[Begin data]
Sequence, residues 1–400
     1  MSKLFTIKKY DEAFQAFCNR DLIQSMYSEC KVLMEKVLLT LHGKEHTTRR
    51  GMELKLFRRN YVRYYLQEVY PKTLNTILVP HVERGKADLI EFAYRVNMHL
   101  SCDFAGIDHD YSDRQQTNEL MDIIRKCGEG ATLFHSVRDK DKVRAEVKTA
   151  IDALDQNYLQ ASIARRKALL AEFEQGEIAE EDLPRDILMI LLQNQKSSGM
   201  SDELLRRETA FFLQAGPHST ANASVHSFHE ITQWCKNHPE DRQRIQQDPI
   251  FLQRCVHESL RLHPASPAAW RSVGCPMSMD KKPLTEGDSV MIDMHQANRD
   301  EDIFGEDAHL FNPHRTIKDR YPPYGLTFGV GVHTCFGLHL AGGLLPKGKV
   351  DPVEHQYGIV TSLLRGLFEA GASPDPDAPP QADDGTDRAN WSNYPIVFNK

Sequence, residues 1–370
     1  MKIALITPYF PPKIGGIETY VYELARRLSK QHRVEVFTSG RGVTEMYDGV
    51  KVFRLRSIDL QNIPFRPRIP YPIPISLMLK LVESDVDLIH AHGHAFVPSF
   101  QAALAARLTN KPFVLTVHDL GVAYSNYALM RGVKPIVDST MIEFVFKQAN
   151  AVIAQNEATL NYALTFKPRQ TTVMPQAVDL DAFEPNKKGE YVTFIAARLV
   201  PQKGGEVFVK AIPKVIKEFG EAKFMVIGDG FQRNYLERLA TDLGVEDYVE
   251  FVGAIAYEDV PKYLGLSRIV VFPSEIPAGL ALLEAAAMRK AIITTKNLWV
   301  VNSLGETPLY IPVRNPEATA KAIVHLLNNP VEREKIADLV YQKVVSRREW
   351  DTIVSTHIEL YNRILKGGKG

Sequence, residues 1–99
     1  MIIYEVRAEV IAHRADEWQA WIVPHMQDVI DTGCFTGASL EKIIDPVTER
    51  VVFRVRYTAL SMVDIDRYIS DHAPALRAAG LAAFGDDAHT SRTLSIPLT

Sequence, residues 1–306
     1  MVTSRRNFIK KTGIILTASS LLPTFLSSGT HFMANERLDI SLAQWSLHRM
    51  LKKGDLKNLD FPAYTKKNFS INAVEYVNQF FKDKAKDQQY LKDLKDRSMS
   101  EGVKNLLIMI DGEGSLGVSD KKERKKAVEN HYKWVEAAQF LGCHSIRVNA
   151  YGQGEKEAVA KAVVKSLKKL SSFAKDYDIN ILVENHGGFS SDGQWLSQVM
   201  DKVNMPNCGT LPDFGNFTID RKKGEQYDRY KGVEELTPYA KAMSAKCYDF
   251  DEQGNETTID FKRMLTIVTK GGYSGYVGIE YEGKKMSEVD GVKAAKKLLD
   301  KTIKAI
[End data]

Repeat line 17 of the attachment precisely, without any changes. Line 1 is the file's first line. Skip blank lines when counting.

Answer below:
   301  VNSLGETPLY IPVRNPEATA KAIVHLLNNP VEREKIADLV YQKVVSRREW